Dreaming Deep

“Ciara’s Dream,” one of Rhea’s underwater compositions, which are shot in calibrated tanks of water up to 16 feet deep.©Scott Rhea
© Scott Rhea
© Scott Rhea
© Scott Rhea
In “Lessons,” Rhea says, he was contemplating his daughters’ future. “I was having conversations with my wife regarding our girls’ education and the impact of our decisions,” he recalls. “Reaching for things that you try to control and dealing with what falls off the board and is out of your control are the primary messages of the image.”© Scott Rhea
© Scott Rhea
© Scott Rhea
© Scott Rhea
© Scott Rhea
© Scott Rhea
© Scott Rhea
Rhea's photograph "Two Dancers as One," from his underwater series An Inevitable Consequence.© Scott Rhea

We usually think of Hurricane Katrina as a destructive force. But it’s inspired many acts of creation, including Scott Rhea’s stunning photo series An Inevitable Consequence.

A Louisiana native, Rhea says the psychological impact of the disaster took a larger toll on him than he first realized. Though he was not in Louisiana at the time, he was crushed by the catastrophic scenes he saw on the news. “The fact that entire neighborhoods had disappeared, taking so much history with them, was devastating,” Rhea says. “The idea that water can simultaneously sustain and ravage humanity definitely triggered something in my subconscious.”

Soon afterward, Rhea began to dream about water. Those dreams ultimately became the conceptual underpinning of his latest series: composed images of female subjects floating in a mystical 
underwater milieu dressed in garments that complement their aqueous environs. “In some images I replicated the dreams as precisely as I could,” Rhea says. “Other images came from ideas or feelings I carried with me after the dream.”

A resident of Telluride, Colorado, who does his underwater photography and video work in pools and tanks in Los Angeles, Rhea approaches shoots with the care of an auteur. He meticulously draws up treatments and storyboards, making sure his crew is prepared for the demands of working in the water. “For every couple of feet you go down, it’s a different ball game,” Rhea says. But even with all the planning in the world, he still has to improvise at times. “Growing up in Louisiana, you learn there are a number problems that can be solved with duct tape and tin foil if you find yourself in a bind,” he says.

Rhea and his designers build sets that include objects found in classrooms, living rooms or carnival rides; these are then weighted (often with thousands of pounds) and submerged (sometimes with cranes) into the tanks. He collaborates with costume designers to style his subjects. Then there’s training his models—many of whom are working underwater for the first time—with breathing techniques and short bouts of submersion to adjust to the depths. And because Rhea believes water temperature and chemistry are key to the look and feel of each image, the tanks must be precisely calibrated. Shoot days can be long, expensive and exhausting, but Rhea remains dedicated to getting pictures in-camera with minimal post-processing.

Rhea first learned how to free dive as a child, in the lakes and muddy waters of Louisiana. He says that working underwater can evoke reservations and fear in adult subjects, but that “kids reach a level of comfort and peace that comes across on film and can’t be rivaled.” Rhea considers the children he works with (as well as his daughters, ages 5 and 7) his greatest inspirations. “Having kids and seeing through a child’s eyes,” he says, “reawakened a part of my spirit.”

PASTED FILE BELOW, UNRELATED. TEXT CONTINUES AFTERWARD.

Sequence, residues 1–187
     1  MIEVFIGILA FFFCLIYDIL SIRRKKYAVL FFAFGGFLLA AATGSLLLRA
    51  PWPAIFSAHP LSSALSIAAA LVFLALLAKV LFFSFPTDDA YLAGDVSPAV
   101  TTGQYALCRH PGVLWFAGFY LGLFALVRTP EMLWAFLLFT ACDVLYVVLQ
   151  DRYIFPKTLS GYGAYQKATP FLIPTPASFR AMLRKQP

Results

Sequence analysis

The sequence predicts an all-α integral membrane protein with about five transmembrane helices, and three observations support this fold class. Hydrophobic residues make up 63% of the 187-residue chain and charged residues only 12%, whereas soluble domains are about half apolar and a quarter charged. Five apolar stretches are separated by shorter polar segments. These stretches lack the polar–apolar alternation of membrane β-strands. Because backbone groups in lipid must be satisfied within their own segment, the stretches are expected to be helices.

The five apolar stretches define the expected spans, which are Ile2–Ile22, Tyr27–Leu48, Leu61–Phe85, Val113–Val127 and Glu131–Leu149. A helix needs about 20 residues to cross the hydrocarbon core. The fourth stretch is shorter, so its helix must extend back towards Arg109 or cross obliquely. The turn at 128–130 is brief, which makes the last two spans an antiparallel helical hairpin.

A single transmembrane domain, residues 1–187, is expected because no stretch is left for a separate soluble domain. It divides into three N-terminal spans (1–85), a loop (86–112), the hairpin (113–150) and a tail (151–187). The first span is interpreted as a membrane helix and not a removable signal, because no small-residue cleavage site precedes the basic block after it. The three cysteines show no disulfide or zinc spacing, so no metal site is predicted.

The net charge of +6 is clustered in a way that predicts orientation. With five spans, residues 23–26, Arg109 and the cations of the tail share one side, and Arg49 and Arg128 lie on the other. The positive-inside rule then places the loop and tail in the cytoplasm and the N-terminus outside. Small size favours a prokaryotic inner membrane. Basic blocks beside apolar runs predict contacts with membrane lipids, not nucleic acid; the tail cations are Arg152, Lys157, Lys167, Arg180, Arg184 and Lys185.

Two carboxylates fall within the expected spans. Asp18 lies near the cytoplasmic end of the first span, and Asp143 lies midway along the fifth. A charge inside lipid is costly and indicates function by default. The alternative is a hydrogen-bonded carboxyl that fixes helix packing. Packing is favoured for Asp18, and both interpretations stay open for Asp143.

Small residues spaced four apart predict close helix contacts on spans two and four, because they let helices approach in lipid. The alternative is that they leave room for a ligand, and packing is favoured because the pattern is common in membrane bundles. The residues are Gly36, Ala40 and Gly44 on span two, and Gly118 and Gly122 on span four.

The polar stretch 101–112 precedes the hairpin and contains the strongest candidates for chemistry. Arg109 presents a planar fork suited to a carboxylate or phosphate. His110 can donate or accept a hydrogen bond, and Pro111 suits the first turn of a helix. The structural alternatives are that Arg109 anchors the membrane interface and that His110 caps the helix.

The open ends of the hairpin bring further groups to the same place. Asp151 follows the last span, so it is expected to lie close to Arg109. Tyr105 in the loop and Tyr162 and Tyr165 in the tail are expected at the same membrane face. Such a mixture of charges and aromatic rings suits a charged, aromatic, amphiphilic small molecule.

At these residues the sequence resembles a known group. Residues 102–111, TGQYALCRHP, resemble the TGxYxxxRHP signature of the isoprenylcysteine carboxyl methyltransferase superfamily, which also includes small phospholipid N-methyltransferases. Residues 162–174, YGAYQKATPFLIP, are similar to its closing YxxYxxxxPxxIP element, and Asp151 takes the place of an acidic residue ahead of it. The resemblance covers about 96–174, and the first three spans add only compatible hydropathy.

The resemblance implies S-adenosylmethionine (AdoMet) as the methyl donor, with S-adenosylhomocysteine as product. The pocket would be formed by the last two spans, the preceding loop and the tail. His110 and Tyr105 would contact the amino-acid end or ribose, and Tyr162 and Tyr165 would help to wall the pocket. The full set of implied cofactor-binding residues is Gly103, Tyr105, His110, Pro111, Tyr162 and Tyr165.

He recounts a recent still shoot with an 11-year-old model. She’d had previous dive training, and that gave Rhea, certified for scuba himself, the rare opportunity to work submerged with his subject for 35 minutes. “She used a regulator and not a mask,” he says. “Signals were set up so that when she was ready for air, she pointed to her lips and the dive tech gave it to her.” They also used an underwater transceiver for communication to eliminate the distraction of resurfacing.

Introduced to photography in eighth grade by his aunt and uncle, who owned a camera store, Rhea is primarily self-taught. In the 1990s he worked as an advertising and editorial photographer in Zurich, Hamburg and Athens, but he became jaded by commercial photography and turned to fine art and personal projects.

Today Rhea is most interested in spiritual and emotional growth as an artist. He often isolates himself from any outside media, including television and print publications, that might influence his creative process. While it's easy to make an aesthetically pleasing image, he explains, "the real magic comes from having a great idea." He is learning not to censor his own thoughts, to allow a pure flow from his subconscious, even if it includes errors. "It's normal for your magic to come out of your mistakes," he says. "Make your mistakes deliberate." Rhea is expanding his underwater projects, now including music videos with underwater scenes, and hopes to carve out a niche in the art world. And while he plans to continue working in his liquid realm, he'll keep his options open. "Underwater is just a location," he says. Here's looking forward to seeing the next one he dreams up. AP

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